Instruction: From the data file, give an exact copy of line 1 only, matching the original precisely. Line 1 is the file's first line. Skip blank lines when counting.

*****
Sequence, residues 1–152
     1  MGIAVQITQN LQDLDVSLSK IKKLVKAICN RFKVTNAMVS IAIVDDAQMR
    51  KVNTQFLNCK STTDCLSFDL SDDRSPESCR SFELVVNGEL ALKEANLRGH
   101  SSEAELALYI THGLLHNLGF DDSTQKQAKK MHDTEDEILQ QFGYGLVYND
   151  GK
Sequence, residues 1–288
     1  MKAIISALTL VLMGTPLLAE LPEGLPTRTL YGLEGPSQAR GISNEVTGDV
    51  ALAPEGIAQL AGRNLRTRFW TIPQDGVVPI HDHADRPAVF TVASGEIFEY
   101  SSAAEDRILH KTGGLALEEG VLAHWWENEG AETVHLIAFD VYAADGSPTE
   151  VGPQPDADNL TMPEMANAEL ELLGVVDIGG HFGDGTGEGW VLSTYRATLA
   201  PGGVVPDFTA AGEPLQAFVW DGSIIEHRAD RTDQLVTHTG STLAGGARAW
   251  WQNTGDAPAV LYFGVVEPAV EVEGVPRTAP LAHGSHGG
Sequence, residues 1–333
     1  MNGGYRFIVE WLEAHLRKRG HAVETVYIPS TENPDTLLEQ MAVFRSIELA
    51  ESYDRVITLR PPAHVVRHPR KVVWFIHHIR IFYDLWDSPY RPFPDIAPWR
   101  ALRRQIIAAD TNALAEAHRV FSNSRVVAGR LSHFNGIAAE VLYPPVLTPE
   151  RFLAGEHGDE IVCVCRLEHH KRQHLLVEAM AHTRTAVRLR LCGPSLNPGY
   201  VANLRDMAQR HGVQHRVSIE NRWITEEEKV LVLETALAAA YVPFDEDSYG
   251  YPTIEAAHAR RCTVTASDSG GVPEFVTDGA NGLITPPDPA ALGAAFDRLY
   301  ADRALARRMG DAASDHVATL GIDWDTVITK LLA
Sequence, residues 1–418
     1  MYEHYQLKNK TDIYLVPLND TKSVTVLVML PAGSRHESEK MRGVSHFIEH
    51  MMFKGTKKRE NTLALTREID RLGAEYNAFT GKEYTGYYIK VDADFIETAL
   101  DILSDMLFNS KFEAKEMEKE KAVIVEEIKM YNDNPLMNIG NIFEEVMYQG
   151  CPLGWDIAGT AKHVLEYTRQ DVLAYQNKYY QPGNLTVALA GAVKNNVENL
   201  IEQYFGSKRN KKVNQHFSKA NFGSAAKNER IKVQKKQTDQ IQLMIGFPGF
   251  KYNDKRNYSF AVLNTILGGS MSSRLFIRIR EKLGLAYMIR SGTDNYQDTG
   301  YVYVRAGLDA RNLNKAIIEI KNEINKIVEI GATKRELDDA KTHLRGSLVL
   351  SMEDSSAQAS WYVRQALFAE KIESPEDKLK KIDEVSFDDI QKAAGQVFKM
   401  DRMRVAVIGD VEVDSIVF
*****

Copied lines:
Sequence, residues 1–152